Loyola University Maryland

Messina

Self and Other Course Pairing

Foundations of Philosophy (PL 201) 

In the Foundations of Philosophy course, we explore many of the main concepts of Philosophy through two of the giants of the western tradition: Plato and Aristotle. We will examine the theory of God, the creation and nature of the universe, the composition of the universe, and the theory of human nature and the good life. Along the way, we will actively compare and contrast the concepts as we find them explained in the works of Plato and Aristotle with currently held theories and beliefs, all building toward an critical analysis of arguments we exhume.

Faculty Biography

Dr. Joe Farrell is a Baltimore native and graduate of Loyola University Maryland (Bachelor of Science in Mathematics with a second major completed in Philosophy, class of 1992). He earned his Ph.D. from Temple University in Philosophy. He has completed his M.B.A. from Loyola University (Spring 2019). His research interests are in the theory of human nature, ethical theory, political theory, medical ethics, and business ethics. He is married and has three sons and resides in the area. As a educator, Professor Farrell promotes the active engagement with each student in the process of claiming an education.

Principles of Macroeconomics (EC 103)

Prerequisite: EC 102. Introduces macroeconomic equilibrium, its impact on unemployment and inflation, and the effect of economic policy initiatives on that equilibrium. Students learn to predict the qualitative effect on changes in economic aggregates on each other and on GDP. Topics include the business cycle; national income and product accounting; equilibrium in the aggregate demand-aggregate supply model; the multiplier; the national debt; financial intermediaries; money and its creation; fiscal and monetary policy; comparative advantage and the gains from international trade; commercial policy; foreign exchange markets; and the balance of payments. Effects of international transactions are incorporated with each topic.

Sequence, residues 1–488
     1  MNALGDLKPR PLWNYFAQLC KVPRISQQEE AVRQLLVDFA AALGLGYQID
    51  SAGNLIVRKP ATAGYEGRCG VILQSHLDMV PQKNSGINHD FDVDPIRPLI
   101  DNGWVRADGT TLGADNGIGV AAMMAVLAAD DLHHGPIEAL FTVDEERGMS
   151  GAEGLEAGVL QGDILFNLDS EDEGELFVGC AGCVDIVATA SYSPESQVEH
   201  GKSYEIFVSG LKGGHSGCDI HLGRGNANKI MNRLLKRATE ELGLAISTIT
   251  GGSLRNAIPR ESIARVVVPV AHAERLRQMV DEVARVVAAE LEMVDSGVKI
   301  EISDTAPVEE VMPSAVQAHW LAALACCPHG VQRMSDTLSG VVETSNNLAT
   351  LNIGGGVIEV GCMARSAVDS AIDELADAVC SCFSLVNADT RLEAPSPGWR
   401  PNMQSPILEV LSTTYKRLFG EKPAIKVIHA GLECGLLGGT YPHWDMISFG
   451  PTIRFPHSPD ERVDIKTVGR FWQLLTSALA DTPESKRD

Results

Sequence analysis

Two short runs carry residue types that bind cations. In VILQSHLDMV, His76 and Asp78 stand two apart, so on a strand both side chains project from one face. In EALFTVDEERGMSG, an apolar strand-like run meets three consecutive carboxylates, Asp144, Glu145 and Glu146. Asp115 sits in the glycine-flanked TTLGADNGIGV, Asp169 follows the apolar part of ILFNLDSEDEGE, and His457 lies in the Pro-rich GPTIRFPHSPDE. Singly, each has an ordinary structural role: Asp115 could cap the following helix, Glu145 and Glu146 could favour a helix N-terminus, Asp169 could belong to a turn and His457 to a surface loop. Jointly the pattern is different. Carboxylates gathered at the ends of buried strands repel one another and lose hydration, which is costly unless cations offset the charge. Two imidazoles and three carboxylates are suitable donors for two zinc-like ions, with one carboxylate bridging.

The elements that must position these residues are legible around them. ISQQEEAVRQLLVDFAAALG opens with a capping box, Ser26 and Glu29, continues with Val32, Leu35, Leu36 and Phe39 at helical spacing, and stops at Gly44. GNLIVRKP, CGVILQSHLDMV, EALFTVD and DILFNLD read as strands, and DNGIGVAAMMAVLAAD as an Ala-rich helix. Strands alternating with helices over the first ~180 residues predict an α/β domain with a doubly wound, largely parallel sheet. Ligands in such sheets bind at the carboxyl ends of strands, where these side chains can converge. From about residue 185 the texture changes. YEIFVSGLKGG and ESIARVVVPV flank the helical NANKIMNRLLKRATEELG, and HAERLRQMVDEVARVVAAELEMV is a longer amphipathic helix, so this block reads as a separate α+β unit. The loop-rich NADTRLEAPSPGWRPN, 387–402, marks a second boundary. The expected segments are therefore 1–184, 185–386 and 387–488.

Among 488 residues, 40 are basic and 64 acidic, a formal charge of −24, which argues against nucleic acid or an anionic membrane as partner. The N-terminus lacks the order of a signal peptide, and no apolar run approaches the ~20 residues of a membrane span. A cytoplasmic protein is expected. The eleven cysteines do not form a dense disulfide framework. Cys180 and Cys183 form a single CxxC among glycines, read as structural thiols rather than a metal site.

Faculty Biography

Norman Sedgley, PhD is a professor of economics at Loyola University. Dr. Sedgley has 20 years of experience teaching and researching in economics and econometrics. He teaches Economic Principles, Macroeconomic Theory, and Mathematical Economics. His research interests are in the areas of theoretical economics, time series econometrics and applied micro-econometrics. He has contributed to several books and published over 20 peer reviewed articles in academic journals including Economica, Journal of Macroeconomics, Economic Inquiry, and Macroeconomic Dynamics.

Mentor Biography

Carla Berkenkemper
Operations Manager for the President’s Office
Carla joined Loyola University Maryland in 2010. Besides being a Messina Mentor, Carla manages the day to day operations for the President’s office and President’s residence in addition to providing support to the Board of Trustees and the President’s Cabinet. Prior to joining Loyola, Carla spent 25 years in meeting planning and corporate communications.

Mentor Biography

Olivia Zug graduated from the University of Maryland College Park in 2013, where she loved her living-learning experience in the CIVICUS program focused on civic engagement and diversity. Her internships and experiences as a student leader, especially in Orientation, led her to a career in higher education. Olivia recruited high school students as an Admissions Counselor and promoted campus environmental initiatives as a Sustainability Coordinator at Johns Hopkins University before finding her current role on the Career Connections team at Loyola University Maryland. Olivia supports students of all years and majors through their internship, job, and graduate school application processes and builds relationships with employers eager to hire Loyola students. Olivia loves her side-gig as a group fitness instructor, her many fitness and food hobbies, and her home in Charles Village.

Virtual Advisor

Both courses in this pairing satisfy core requirements for all students.  Students considering a major in the Sellinger School of Business will take Microeconomic Principles as one of their two social science core requirements. 

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Your first year

What, exactly, is Messina?

A closer look at the first-year experience at Loyola.

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